- Our Solution
Adaptive Management Plan – Source/Sink Approach
An Adaptive Management Plan is an approach implemented successfully by several states with similar land, wildlife and terrain to those of Texas. If used as a solution, this approach will be implemented with or without the involvement of TPWD.
This approach identifies:
- Sink areas, such as sheep and goat areas, are areas that require predator control. The objective (the need) is to reduce the number of Mountain Lions in those particular areas.
- Source areas involve minimum human interference, allowing Mountain Lions to reproduce naturally.
- Stable areas are those where hunting/removal is allowed while maintaining a stable population of Mountain Lions. These areas will also allow natural dispersal of Mountain Lions.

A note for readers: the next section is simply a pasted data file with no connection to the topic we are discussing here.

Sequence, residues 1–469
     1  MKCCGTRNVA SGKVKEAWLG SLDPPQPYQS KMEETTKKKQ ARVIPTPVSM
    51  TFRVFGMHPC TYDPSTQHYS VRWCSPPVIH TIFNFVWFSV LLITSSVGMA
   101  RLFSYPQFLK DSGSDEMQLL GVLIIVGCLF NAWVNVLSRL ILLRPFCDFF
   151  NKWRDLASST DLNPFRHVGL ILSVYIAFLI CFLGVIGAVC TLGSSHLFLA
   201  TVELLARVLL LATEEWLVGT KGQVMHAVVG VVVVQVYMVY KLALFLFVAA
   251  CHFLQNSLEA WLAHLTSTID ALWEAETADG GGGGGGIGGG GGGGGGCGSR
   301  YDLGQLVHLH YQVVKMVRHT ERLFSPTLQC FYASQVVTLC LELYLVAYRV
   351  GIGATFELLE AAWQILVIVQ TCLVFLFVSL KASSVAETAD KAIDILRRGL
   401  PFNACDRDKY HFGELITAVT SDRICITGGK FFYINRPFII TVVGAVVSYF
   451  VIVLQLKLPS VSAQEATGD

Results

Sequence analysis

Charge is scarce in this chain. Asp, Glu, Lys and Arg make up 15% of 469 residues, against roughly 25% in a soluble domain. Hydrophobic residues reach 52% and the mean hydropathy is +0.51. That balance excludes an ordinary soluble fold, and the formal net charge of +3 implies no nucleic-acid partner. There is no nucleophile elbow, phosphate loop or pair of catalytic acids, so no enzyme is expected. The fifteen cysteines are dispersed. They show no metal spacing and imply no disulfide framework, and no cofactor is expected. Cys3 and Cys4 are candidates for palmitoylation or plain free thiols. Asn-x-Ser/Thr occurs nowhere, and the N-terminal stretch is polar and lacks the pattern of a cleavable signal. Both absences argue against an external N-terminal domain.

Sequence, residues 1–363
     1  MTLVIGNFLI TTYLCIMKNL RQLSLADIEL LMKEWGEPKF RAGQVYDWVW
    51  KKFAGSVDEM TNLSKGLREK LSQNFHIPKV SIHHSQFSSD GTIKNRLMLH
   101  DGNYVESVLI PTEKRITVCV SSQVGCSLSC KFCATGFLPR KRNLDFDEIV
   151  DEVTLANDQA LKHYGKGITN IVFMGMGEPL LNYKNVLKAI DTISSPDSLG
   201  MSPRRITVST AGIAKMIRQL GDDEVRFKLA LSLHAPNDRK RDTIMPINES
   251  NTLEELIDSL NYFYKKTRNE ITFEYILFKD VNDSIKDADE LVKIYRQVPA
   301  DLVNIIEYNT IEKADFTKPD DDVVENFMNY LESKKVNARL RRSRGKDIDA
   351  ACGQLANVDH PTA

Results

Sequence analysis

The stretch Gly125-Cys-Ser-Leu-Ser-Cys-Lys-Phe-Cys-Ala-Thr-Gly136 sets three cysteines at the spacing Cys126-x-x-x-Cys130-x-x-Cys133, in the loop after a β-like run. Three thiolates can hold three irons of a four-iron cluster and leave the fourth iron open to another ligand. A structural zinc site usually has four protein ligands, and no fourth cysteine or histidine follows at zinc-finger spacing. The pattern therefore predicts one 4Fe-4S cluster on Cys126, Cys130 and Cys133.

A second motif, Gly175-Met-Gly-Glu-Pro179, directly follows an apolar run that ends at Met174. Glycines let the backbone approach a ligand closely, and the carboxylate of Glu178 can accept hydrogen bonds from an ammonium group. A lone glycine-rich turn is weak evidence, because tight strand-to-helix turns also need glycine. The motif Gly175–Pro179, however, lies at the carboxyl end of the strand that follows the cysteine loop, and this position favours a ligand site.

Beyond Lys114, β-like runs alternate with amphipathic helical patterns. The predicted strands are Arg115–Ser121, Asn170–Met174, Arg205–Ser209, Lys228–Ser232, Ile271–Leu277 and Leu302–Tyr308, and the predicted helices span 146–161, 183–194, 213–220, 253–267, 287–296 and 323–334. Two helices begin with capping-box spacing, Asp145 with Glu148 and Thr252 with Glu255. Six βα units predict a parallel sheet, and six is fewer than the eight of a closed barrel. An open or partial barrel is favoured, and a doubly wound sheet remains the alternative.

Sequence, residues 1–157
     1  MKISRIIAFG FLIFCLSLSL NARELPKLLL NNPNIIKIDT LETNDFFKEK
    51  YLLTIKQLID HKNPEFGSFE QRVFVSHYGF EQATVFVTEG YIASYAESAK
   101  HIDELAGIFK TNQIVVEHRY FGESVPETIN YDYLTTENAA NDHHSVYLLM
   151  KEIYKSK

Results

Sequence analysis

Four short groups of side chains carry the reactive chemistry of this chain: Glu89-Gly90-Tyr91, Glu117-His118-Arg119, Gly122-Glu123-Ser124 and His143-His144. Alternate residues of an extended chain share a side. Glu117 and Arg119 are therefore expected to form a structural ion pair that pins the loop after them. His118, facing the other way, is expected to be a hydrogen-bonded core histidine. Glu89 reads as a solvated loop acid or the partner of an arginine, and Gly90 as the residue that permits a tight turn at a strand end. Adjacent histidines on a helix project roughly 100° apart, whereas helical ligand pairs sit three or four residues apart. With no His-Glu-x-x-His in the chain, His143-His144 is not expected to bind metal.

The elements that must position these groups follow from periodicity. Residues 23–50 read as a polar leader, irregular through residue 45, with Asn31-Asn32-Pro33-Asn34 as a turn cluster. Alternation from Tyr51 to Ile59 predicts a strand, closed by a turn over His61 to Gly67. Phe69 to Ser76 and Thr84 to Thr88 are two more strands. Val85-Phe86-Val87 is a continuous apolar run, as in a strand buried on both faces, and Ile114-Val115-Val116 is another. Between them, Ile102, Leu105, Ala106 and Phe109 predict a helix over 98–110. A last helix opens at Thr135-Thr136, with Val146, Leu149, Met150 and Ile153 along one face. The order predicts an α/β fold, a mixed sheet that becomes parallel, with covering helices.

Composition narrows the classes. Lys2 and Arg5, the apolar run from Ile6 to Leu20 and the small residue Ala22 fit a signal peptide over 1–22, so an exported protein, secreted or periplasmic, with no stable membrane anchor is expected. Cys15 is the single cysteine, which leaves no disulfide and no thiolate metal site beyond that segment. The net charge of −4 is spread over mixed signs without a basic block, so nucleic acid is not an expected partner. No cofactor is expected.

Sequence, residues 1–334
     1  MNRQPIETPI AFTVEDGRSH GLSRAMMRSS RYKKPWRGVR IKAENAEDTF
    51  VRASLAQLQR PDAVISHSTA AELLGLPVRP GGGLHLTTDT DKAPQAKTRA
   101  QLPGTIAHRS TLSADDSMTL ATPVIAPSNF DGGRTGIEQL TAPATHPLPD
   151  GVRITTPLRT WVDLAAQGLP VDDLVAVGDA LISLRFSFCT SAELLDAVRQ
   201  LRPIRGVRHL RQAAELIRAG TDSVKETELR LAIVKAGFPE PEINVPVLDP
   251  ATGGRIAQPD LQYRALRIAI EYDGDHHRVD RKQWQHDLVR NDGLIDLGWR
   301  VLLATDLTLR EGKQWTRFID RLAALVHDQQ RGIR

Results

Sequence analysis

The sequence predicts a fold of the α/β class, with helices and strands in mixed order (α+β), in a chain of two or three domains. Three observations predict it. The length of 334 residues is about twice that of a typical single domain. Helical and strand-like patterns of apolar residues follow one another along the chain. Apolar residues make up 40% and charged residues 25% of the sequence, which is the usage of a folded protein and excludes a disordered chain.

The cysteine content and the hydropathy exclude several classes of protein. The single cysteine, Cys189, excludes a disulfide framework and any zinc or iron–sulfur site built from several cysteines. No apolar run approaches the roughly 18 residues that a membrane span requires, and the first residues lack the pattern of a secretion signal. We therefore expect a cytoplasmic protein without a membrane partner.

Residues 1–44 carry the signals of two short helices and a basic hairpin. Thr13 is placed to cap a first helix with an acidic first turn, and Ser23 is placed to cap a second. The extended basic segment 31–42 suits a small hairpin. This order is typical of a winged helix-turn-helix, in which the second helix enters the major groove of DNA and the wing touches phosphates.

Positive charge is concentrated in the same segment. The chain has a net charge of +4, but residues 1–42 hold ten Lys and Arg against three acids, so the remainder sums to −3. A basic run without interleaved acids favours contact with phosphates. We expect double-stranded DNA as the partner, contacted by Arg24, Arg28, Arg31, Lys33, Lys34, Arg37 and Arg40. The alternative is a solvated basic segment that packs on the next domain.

An Example (does not represent Texas Mountain Lion Habitat):
Adapted from Wyoming Game & Fish Department, Mountain Lion Management Plan
- An area identified as a sink area will not benefit from having a source area adjacent to it because dispersing animals will enter those (sink area) lands looking to establish a territory.
- Therefore, a sink area should be located adjacent (as much as possible) to stable areas.
- Dispersing Mountain Lions from a source area should have secure dispersal routes, and therefore will benefit by having stable areas adjacent to them.
- Landowners vary in their attitudes toward Mountain Lions, and the actions of one landowner can contradict the objectives of another landowner.
- By identifying the specific needs of the different areas, we can address the basis for predator control, minimize human - predator interaction and decrease livestock predation. This will also ensure a healthy and viable population of Mountain Lions in the state.
Predator species such as Mountain Lions cannot be managed by individual landowners. There should be a statewide plan, whether through a state government agency or through other means, to ensure a stable and viable population of Mountain Lions in Texas.